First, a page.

Guide For Those Entering the Music “BUSINESS”
November 22, 2019

Written by Doug Perkins

The following is a list of things that I have found to be extremely valuable in maintaining a music career of any type that provides a supporting income. This does not mean that other people do these things – but it does make doing these things all the more valuable in giving you an edge because OTHERS DON’T FOLLOW THEM. They are in no particular order:

1. Return all work related communication – including email, text, phone calls, social media messages – as soon as possible. Return all other communication within 24 hours unless out of the country. ASAP is defined as “as close to NOW regardless of how you feel, with the exception of other work in progress”. The people who are reaching out to you may well have asked multiple people about the date, and besides showing them that you value their time as well as your own, mostly the first person responding back will get the gig. Never look at any gig as “just one gig”, virtually any gig can lead to anything down the road that you never anticipated, so how you “perform” both on stage, the studio and in communication and general “ease of doing business with” will go a long way into your musical and financial future.
2 Plan your travel time to any gig so you will be at the very least early. What this means is that you leave at a time when even if there are multiple car accidents, freeway closures, etc., you will arrive in time. If you are early, you can use the time to return communications, etc. Any bandleader will love you for being there in plenty of time, and what people who show up at the last second for gigs are non-verbally telling all the other players on the gig “my time is more valuable than your time.” Many people who are habitually late do so knowingly or not because they are passive aggressively trying to show superiority and control over others. If you don’t think so, ask a mental health professional what THEY think on the subject.
3 Load all gigs as well as practice into a calendar. It doesn’t matter if you use an on-line or a paper calendar or both, do this as both a time management tool and a memory aid. The people with the best memories tend to be the people that will do this naturally, the people with the worst memories tend to be those that insist that they don’t need this – don’t be that person. This is also a fantastic way to learn how long things really take to do, because it you put everything you want to do into a day and find that you worked the whole time consistently, it is a good indicator that you don’t have a realistic understanding how long it takes to accomplish tasks and get to locations, and this can be actually CORRECTED by using a calendar and adjusting your time exceptions in the future – meaning, that phone call that you took in the middle of your day that “just took a second” actually was 30 minutes long, etc.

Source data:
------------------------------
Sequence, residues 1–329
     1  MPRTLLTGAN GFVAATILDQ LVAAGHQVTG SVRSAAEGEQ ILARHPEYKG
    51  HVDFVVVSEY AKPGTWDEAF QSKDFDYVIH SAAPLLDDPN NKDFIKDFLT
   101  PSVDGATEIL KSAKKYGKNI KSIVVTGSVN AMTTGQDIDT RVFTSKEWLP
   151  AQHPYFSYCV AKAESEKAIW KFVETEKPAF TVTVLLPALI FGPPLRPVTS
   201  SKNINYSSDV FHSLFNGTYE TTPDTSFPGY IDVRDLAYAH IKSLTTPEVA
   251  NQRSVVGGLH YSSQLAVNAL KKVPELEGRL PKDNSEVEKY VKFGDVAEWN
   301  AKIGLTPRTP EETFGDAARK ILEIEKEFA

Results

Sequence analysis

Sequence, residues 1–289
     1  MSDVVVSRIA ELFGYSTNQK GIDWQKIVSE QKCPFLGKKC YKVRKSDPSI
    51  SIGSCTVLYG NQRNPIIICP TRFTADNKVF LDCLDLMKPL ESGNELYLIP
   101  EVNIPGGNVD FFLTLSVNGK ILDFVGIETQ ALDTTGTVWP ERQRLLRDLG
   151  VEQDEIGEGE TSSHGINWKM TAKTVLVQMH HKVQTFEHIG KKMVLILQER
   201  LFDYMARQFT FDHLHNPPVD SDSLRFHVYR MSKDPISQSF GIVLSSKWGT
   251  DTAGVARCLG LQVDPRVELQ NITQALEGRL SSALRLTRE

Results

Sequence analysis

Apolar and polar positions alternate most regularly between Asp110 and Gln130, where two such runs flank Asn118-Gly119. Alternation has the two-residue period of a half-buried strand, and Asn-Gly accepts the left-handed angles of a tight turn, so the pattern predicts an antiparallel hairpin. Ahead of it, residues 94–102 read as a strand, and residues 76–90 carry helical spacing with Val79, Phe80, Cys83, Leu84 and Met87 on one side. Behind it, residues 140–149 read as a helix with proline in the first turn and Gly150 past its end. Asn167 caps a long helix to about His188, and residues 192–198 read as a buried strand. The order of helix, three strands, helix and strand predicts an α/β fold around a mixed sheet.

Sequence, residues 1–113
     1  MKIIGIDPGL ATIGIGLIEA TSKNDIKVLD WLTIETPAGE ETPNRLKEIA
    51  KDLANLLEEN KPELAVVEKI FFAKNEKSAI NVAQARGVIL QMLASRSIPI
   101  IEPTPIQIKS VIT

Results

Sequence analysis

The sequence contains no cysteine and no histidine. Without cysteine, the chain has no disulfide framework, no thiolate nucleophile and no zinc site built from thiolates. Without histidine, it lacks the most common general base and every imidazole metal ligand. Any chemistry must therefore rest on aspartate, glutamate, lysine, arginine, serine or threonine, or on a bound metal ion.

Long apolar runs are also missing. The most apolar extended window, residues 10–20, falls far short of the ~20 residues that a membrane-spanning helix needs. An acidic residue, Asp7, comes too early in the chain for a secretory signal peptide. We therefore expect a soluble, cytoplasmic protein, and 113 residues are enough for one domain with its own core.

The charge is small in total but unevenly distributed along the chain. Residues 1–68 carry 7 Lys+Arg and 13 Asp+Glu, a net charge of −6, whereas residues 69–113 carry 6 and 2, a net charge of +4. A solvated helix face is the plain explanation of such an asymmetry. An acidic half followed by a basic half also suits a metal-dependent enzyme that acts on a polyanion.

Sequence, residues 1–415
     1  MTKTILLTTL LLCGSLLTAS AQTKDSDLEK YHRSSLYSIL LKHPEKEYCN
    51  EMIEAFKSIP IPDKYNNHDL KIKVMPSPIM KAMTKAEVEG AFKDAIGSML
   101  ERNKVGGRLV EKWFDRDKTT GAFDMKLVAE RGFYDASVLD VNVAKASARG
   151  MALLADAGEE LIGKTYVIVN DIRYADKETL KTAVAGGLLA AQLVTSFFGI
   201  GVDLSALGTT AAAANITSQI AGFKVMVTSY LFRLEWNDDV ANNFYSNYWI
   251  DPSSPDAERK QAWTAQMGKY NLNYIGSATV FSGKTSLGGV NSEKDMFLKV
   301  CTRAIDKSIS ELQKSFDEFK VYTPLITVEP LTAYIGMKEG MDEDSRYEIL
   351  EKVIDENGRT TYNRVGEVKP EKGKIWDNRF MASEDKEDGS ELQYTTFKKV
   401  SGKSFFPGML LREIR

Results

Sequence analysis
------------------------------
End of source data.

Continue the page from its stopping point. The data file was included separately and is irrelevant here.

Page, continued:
4 Have emergency gear items with you in your car at all times. I recommend things that they lack of would end any gig resulting in non-payment for your services, as well as reputation damage. I also recommend that you have things that other musicians will need that will again end the gig for you just as certainly as if you didn’t have them. This includes things like removable AC cables, power strips, long extension AC cords, extra 1/4 audio cables, guitar strings, picks and straps, fuses, extra microphones and cables, any special proprietary cables not easily found anywhere (“speakon” connector cables, USB, mini plug stereo to RCA/1/4 mono adapters, etc.) Put all of this stuff in some kind of emergency bag that is always in your car – and speaking of that, get a paper map book – don’t depend on a WIFI connection to get you to a gig.
5 Lastly, be a positive person to be around at all times. What that looks like is to compliment others on their performances – even if it’s on just some small thing that you honestly thought was good. But even mores, here’s a list of things to NOT do: don’t talk badly about other musicians behind their backs, don’t complain about the leader or the club owner or anyone else (you never really know who is listening or who you are talking to knows), AND don’t brag about other gigs and who you know. People who brag on gigs are always seen by the seasoned confident pros as insecure, and if someone is insecure, there is probably a reason that people will want to not have around them. One huge and interesting thing about other musician’s insecurities that you can use to your own advantage is to just say a little about yourself and leave it at that. Most people will actually assume that you have done way more impressive things just in mentally filling in the blanks of what you didn’t say.

The present and future “music business” is a constantly shifting and re-inventing place in terms of what it is and will be, and where income and employment can be found. But all of the topics listed here are universal truths that can be applied to any endeavor in life, and consequently are pretty much timeless and cross industry.

Doug Perkins

Nov. 19, 2019

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